Bluebirds and Faith, Elephant Wisdom, and Poetic Christian Discourse may now be found on Christian Publishers’ website. See below for links!
Bluebirds and Faith is a poetry collection that celebrates God’s gift of eternal grace by finding joy, humility, and comfort in our surroundings. Inspired by the death of a beloved father, Grant shares her journey of sorrow and healing in a world that seems so incredibly far away from heaven. Finding mercy in the wings of a bluebird, Grant discovers that the separation between heaven and earth may not be as vast as we think. Poetry, one of the world’s most treasured artistic expressions, is the vessel used to explore faith in a world stricken with fear and sin. Free verse and Haiku poetic forms are spread heavily throughout. Grant hopes sharing her spiritual evolution will bring solace and peace to others at a time in their life when they feel no one else is listening. He always listens. God bless.
Elephant Wisdom is a poetry collection that explores topics equivalent to “the elephant in the middle of the room.” In other words, through a variety of poetic forms, utilizing a combination of free-verse, narrative, and rhythmic components, the poems encourage readers to broaden their minds and consider connections between science and religion while introducing the paradox of collective consciousness and universal forces. Unfortunately, loss is a topic that humanity has difficulty addressing with their friends and loved ones, leaving a significant lack of support for those who have or are currently experiencing grief. Elephant Wisdom addresses this gap of communal support through taboo themes such as infant death.
Poetic Christian Discourse, Vol. 1, is an inspirational poetry collection that offers readers a sense of hope, acknowledging the idea that humanity is not, never has been, and never will be perfect. The collection embraces Christian living, inviting readers to apply concepts from the Bible in their everyday lives while highlighting how elements of scientific discovery further provide evidential support of a divine creator. The past year and a half have been uniquely challenging and isolating for many, and it is during these times that people begin to look for meaning and purpose in their lives. Poetic Christian Discourse encourages readers to accept the human nature of sinning; it fosters the idea that we are not alone. Tomorrow is a new day, and by embracing our universal faults, we may find hope through unity and faith.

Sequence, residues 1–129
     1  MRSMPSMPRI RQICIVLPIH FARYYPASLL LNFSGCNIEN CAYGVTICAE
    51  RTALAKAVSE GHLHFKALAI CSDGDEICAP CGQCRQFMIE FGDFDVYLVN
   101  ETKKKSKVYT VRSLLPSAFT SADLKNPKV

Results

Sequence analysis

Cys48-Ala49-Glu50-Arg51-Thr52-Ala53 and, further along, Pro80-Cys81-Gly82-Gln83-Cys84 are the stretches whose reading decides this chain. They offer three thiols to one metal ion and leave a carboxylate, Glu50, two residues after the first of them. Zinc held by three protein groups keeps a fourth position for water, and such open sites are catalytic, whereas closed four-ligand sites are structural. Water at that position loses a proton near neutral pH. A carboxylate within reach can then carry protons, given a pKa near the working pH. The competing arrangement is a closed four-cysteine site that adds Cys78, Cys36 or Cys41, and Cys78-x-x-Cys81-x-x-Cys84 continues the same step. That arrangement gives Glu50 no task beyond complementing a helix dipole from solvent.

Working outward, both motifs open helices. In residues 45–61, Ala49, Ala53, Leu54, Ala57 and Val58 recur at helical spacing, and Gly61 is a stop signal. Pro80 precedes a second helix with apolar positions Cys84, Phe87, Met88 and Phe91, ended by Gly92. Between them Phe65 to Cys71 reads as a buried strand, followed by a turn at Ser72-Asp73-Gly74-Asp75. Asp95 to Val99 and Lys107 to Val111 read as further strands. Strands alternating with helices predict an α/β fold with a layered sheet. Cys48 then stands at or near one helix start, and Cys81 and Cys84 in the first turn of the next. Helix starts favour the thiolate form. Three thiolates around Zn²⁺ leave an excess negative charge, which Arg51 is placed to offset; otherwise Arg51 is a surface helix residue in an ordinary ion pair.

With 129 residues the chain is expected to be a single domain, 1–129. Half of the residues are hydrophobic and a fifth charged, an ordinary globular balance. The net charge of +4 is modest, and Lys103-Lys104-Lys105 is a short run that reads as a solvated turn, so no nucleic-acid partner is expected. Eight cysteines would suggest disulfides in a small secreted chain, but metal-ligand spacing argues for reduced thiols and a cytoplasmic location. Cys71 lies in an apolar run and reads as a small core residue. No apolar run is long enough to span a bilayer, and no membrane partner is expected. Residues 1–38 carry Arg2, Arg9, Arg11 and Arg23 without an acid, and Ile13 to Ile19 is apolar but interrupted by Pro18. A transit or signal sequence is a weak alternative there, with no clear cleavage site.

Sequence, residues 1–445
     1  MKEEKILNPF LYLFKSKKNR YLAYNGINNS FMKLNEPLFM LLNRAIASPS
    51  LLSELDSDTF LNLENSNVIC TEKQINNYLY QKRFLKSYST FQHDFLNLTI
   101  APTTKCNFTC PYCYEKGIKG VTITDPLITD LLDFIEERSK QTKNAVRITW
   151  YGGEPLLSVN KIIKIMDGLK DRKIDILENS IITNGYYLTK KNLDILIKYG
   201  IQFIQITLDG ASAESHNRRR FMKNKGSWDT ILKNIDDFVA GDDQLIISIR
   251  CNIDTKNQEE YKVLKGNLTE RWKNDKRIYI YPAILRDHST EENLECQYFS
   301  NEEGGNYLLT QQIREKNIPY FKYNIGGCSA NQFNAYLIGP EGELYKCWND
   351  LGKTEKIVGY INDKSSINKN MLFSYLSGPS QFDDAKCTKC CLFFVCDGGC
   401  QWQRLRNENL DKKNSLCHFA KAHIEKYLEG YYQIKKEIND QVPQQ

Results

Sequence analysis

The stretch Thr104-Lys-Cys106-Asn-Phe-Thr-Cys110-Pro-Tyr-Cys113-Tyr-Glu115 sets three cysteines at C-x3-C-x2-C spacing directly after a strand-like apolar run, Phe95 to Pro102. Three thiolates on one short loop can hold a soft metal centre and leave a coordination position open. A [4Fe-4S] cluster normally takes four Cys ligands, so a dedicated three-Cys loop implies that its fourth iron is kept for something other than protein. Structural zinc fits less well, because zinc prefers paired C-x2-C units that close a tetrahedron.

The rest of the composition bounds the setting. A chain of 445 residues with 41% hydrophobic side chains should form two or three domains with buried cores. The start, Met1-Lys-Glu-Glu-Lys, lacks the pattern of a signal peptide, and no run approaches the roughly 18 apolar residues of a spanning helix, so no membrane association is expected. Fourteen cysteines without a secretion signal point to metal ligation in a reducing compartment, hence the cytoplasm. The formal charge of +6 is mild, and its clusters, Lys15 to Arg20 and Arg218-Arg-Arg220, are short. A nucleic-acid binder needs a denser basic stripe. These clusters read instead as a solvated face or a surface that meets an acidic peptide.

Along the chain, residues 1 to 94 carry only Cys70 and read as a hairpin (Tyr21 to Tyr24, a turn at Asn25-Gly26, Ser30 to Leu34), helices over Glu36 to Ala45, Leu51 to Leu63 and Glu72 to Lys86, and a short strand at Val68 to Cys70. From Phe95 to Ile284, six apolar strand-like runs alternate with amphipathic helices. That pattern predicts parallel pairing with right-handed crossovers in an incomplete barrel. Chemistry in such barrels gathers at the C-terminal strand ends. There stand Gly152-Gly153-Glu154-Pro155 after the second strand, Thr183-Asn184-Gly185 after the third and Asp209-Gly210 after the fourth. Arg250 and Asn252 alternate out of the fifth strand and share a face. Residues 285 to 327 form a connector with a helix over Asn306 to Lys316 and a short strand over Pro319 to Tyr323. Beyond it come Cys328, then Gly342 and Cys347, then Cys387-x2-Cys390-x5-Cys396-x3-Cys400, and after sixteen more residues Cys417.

Writing, like life, is a series of events and experiences that lead the writer to traverse different paths. Often times, this exploratory process remains in the shadows, out of sight, and unbeknownst to each writer. As participants in our communities and disciplines, many times, we don’t recognize how our perspectives change over time as a result of our life experiences. In other words, we write what we know. However, sometimes, when we write, we don’t realize what we know. An excellent way to learn more about oneself, quite frankly, is to journal. By writing daily about your thoughts, feelings, experiences, and fears, you will begin to notice trends and realize how much you didn’t know about yourself. For more information on how to get started journaling, The Writing Cooperative has a great article that will help you begin an adventure to self awareness.
There are inherent biases in our voices, and those biases contribute to each writer’s message. Tony Scott so adeptly put this concept into perspective, “Writers are not separate from their writing, and they don’t just quickly and seamlessly adapt to new situations. Rather, writers are socialized, changed, through their writing in new environments, and these changes can have deep implications” (49). This concept reminds me of how varied each person’s childhood may be. From the conditions of each individual household, to what types of opportunities and events in which the child is exposed, to the dynamics of the community in which they were raised, no two people will share the exact same experience growing up. This, in itself, creates diversity amongst the masses. We all bring to the table different observations and understandings. Therefore, our writing not only shapes our identities and ideologies, but our identities and ideologies shape our writing.